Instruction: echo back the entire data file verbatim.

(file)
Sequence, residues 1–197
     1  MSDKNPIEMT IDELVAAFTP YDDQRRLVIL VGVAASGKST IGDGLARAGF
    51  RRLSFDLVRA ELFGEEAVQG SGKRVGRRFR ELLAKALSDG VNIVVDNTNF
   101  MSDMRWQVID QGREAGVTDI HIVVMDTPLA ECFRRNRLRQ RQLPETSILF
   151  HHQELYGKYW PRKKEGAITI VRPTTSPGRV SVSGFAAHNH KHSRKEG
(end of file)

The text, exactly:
Sequence, residues 1–197
     1  MSDKNPIEMT IDELVAAFTP YDDQRRLVIL VGVAASGKST IGDGLARAGF
    51  RRLSFDLVRA ELFGEEAVQG SGKRVGRRFR ELLAKALSDG VNIVVDNTNF
   101  MSDMRWQVID QGREAGVTDI HIVVMDTPLA ECFRRNRLRQ RQLPETSILF
   151  HHQELYGKYW PRKKEGAITI VRPTTSPGRV SVSGFAAHNH KHSRKEG